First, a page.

The success or otherwise of President Cyril Ramaphosa’s R500 billion stimulus package will largely be determined by five key role players – the banks, grocery retailers, the South African Revenue Service (Sars), the Unemployment Insurance Fund (UIF) and the South African Social Security Agency (Sassa).
The banks are not only on the frontline for giving effect to the R200 billion loan guarantee, they are also relied upon for payment of around 60% of monthly social grants, a system that is about to be significantly ramped up. Retailers account for a further 30%-plus of grant payments.
That’s mainly good news – the package is well designed to get support to where it is needed, with as little involvement of political ‘go-betweens’ as possible.
But there is inevitably a bit of bad news, and it relates mainly to the capacity of institutions such as Sars, UIF and Sassa to deal with crisis conditions that could never have been anticipated.
One political analyst has suggested the president may have felt these capacity problems presented considerably less threat than the prospect of layers of politicians taking a slice off food and other relief packages.
While Sars and the UIF have already been put under the spotlight, the first big test for Sassa will come in just under two weeks’ time when it is due to roll out the May social grant payments. For the first time ever, distribution of the grants will be split – with older and disabled persons being paid from the 4th, and all others paid from the 6th.
Sassa’s plan to split the payments in April failed, as there had not been enough time to adjust the electronic payment instructions to pay points to ensure that only older and disabled persons could receive their grants on March 30. As a result, the child support beneficiaries who descended upon pay points as early as March 30 were able to crowd out the more frail recipients.
“In response to this unpleasant experience, Sassa started consulting role players such as National Treasury, South African Post Office, the banking association, retailers and the consumer goods council among others,” Sassa said in a media statement in mid-April.
It acknowledged that the aged and people with disabilities need to be protected, and that the best way to do this is to stagger the payments.
“To effect this Sassa will make use of two payment files: the first one will cover the aged and the disabled while the second payment file will cover all other grant types.” This means that anyone attempting to collect child support grants on May 4 will be unsuccessful and will have to return on the 6th.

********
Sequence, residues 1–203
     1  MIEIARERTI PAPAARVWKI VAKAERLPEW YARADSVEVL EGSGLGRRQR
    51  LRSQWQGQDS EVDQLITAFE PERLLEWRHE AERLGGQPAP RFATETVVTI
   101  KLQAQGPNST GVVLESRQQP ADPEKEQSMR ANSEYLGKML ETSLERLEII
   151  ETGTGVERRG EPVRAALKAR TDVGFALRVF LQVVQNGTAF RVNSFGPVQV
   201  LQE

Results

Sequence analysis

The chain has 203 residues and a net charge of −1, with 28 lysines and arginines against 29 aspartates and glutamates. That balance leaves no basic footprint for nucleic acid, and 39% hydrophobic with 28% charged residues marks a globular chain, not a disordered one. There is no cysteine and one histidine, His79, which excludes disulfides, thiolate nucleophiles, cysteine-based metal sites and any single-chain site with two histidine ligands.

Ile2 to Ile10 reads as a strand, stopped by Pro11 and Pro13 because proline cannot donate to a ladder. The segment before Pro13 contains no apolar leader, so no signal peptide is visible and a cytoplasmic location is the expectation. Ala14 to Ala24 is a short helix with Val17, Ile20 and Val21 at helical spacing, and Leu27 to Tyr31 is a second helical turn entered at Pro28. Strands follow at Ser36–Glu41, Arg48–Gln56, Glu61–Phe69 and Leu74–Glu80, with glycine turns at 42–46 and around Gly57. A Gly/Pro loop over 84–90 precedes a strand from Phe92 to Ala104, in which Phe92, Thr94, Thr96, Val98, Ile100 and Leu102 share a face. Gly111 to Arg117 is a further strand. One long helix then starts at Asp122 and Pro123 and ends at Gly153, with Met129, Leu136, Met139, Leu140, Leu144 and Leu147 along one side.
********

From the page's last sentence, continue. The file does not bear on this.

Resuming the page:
The good news for the 12 million recipients (who collect grants on behalf of 18 million beneficiaries) is that in May they will all be receiving an additional coronavirus grant.
Child support grant beneficiaries will get an extra R300 in May, and from June to October this will be increased to R500 a month.
All other grant beneficiaries will get an extra R250 a month for the next six months.
This means a substantial chunk of Ramaphosa’s rescue package will end up in the hands of the most vulnerable within just two weeks of his announcement.
Mark Barnes, former CEO of the SA Post Office, says he has little doubt Sassa will be able to cope with the additional payments. “The system can easily accommodate increasing the rand payments,” says Barnes, who worked with National Treasury and Sassa to create a closed system after Net1 subsidiary Cash Paymaster Services was forced to give up its lapsed distribution contract.
An additional benefit is that the closed system makes it easier for Treasury to track all the payments, says Barnes.
What is certain to be far less easy is accommodating an entirely new category of social grant.
Ramaphosa’s stimulus package includes provision for a special Social Relief of Distress grant of R350 a month – essential a basic income grant.
It is to be made available for the next six months for those unemployed and not receiving other forms of grants or UIF payments. Barnes would not comment on what challenges this might present to Sassa.
The agency did not respond to a request for comment, but a Twitter message from an alleged Sassa official urged hopeful recipients not to apply for the grant yet. “Allow us to please finalise and test our systems for this new grant,” said the message. “We’ll announce the method of application and a clear criteria very soon.”
Easy access is a must
Lynette Maart, national director of Black Sash, which has monitored Sassa’s social grant distribution system for several years, believes the agency could roll something out for the new social grant category in six to eight weeks.
In a media statement, Maart called on government to ensure the new grant application process would not be an administrative burden for potential beneficiaries.
“The required documentation must be limited to an identity number, the required documents for refugees and permanent residents and contact details and/or bank account details.” She said Sassa should use government’s existing databases including those at the Department of Home Affairs, the UIF, Sars and the National Student Financial Aid Scheme (NSFAS) rather than place an unnecessary burden on applicants.
Maart also called on all the banks to permanently waive all banking fees for all social grant beneficiaries so they can benefit from the full cash value of their social grants.